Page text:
Knowledge is endless and diffuse; philosophy is universal. Philosophers are interested in everything. But no man can know everything. Philosophy makes use of knowledge to reach the center. Mere knowledge is a heap, philosophy a whole. Knowledge is rational, accessible to every intellect in the same way. Philosophical thinking is a cast of mind that becomes part of a man’s very nature. Interactions with other people are an important trigger of emotional responses. Also, since social situations are generally unpredictable, they are more likely to result in non-routine activities. Knowledge can be a part of making the most of your time. But that means making choices, then working it out so you can do what you choose. Making the most of your time means doing nothing when nothing is what you want to do, and staying up all night to work on a project, read a book, or dance until dawn, when that’s what choose.
We can’t always do exactly as we please for many reasons, including the need to earn a living, the desire to stay out of prison, and the hope of maintaining our key relationships. However, we can dramatically increase our life’s options by decreasing our outside dependencies.
While numerous paths lead to personal freedom, our favorite is the path of most resistance—resistance to unnecessary expenditures of our three key assets: time, energy, and money. The more frugal you are with these assets, the less of them you commit to projects that have little meaning for you, the more you’ll have for those that do, and the better you’ll feel about the quality of your life.
Even if you take absolutely no intentional action to change your life, it will change. Time refuses to stand still. And as time moves on, we age with it, and our options change and often diminish. Therefore, the best time to begin fine-tuning your life is now and the best place to start is with something easy, where a small change can make a big difference in the quality of your existence.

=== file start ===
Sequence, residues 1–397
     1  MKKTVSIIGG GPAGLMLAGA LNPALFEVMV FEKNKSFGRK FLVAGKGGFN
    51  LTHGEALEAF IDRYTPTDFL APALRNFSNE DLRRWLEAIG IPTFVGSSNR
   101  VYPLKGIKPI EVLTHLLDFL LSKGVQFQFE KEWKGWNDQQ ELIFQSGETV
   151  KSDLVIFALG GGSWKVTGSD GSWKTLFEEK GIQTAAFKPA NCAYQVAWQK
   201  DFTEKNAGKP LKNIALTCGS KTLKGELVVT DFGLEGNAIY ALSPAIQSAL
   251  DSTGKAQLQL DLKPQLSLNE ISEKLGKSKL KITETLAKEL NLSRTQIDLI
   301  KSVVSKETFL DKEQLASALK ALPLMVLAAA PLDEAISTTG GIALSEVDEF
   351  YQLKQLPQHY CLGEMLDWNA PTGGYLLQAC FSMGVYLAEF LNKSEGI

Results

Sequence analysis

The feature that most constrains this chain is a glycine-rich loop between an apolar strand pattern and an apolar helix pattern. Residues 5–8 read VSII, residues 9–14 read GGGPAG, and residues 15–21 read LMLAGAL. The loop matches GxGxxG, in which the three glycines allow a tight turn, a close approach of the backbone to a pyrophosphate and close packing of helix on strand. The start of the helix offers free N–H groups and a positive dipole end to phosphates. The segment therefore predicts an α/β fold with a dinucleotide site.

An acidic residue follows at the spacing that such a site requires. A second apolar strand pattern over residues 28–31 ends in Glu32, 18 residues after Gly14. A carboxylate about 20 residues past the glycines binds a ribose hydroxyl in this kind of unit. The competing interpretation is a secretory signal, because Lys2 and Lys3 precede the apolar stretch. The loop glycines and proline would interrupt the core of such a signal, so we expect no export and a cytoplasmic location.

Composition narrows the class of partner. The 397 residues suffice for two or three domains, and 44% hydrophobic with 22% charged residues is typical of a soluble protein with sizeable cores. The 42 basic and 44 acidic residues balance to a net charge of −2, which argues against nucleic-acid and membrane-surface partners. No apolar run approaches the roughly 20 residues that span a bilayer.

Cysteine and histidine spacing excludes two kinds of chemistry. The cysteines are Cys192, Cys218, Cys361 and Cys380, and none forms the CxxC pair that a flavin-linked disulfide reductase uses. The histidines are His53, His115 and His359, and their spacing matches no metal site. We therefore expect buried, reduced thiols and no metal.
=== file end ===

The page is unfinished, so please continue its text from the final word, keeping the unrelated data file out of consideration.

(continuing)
The Choice We Have
Do we comprehend ourselves, then, through the freedom of our inner and outer actions? Once we understand our own judgments we confront them in greater freedom. But no understanding can comprehend the powers that produce the comprehensible meaning, which are nevertheless present in us. To recognize that we have a choice in all situations does not have a thing to do with whether or not we are in control of those situations. Remember the definition for wisdom: the growing lists of what we do not control and what we do not know. In the midst of these ever-increasing lists, we maintain authority over our lives, whether we like it or not, whether we admit it or not, and even whether we recognize it or not. We don’t really have any choice in the matter. Resistance to change is natural. One must be mature in their thought process.
Maturity and Life
It takes maturity to avoid tempting but destructive choices; it takes maturity to want to be in control of your life and not to be controlled; and it takes maturity not to allow yourself in times of crisis to wallow in self-pity. The problem in our time is that maturity is not high on the list of goals we offer the next generation. We stress happiness, success, and intelligence, but not maturity. And that is too bad, both for society, which suffers when too many of its members are immature, and for the individual who wants to be happy. For happiness is not available to the immature. And one of the prominent characteristics of immaturity is seeing oneself primarily as a victim.
Become mature and read this book. Make great life choices! The overall objective of this book is to help you strengthen your intuitive decision-making skills and reach success. What defines success? The answer differs for each person. Is becoming a creative genius the same as success? Not for everyone. But for those willing to pay the price the road is accessible, and with effort they are able to tap into those key attributes necessary for creative genius.
Remember what you were taught about the right way to make important decision? You were probably told to analyze a problem thoroughly, list all your different options, evaluate those options based on a common set of criteria, figure out how important each criterion is, rate each option on each criterion, do the math, and compare the options against each other to see which best fits your needs. The decision is simply a matter of selecting the option with the highest score. This book aims to show that “nurture,” not “nature,” is the secret for becoming a creative genius.